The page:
"If we can find out enough about how pathways originally develop," he says, "then, we can look at what we can do to facilitate regrowth."

McCrea says these plans are very exciting for local researchers. "We have the potential here to become a major force in spinal cord research," he explains. "By that I mean, researchers from other countries, other cities, will want to come here to spend some time and exchange ideas.

"Three people working alone rarely make big discoveries. It takes a number of people."

Less than five years ago, Lane says, there was very little excitement. The CPA's Manitoba chapter couldn't afford to spend more than $10,000 of its annual budget on research. It tried raising interest in the subject among traditional money sources. But, for various reasons it couldn't drum up a dime.

Nonetheless, the CPA decided to go ahead with its plans anyway. The emphasis, however, of the research was placed on projects which produced immediate results such as improvement of medical care and wheelchair technology.

Slowly, it has been able to expand its research budget and broaden its emphasis. Three years ago the spinal cord unit was created at the Health Sciences Centre with a staff person funded by the CPA's Manitoba chapter. Last year, Lane says some $60,000 was provided by the chapter's fundraising arm, the Manitoba Paraplegic Research Foundation.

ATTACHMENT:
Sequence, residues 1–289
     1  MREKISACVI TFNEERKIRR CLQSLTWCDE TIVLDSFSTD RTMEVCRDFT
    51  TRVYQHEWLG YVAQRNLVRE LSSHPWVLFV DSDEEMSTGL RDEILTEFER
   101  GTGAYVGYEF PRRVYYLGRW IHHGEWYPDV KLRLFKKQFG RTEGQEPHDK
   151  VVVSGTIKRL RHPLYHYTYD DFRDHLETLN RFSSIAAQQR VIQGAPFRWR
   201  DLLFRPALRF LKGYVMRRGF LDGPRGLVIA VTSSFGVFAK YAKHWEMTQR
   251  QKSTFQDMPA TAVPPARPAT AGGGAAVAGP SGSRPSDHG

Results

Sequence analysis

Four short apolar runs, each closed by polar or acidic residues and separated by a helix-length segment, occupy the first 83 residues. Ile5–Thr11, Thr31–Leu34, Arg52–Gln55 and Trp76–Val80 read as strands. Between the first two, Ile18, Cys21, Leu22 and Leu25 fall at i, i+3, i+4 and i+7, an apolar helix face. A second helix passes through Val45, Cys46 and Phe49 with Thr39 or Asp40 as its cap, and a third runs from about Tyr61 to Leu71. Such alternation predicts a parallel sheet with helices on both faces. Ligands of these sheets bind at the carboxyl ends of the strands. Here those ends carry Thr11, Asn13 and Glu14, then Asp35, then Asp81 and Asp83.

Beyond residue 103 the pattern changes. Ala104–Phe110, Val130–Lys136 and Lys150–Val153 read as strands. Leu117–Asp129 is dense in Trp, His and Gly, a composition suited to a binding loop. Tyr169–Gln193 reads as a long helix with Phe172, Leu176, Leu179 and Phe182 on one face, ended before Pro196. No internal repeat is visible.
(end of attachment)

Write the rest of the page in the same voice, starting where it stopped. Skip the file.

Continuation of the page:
All this, however, has changed 180 degrees since Hansen took to the road. During the next five years a spending target of $1.5 million for research has been established by the Manitoba Paraplegic Foundation and the Health Sciences Centre Research Foundation. This is only part of the money which may be drawn to Winnipeg in support of the city's researchers.

Most of that $1.5 million will be directed toward the further development of the spinal cord centre. Its new labs, and planned programs will be the focal point of work carried out in the province.

Lane says the planned activity in Winnipeg is an enormous contrast to past years. He points to as recently as 25 years ago when a cure for spinal cord injury-related problems were thought impossible and there was a dearth of resources for basic physiotherapy and physical medicine.

Reprinted from...
Winnipeg Free Press, Monday, June 22, 1987, p. 14.

Spinal cord research began in Manitoba about 10 years ago

The first attention to spinal cord research began quietly in Manitoba more than 10 years before Rick Hansen hit the road on his fundraising odyssey.

Since then, there has been significant progress made toward establishing a team of spinal cord specialists in this city, especially in the past three years.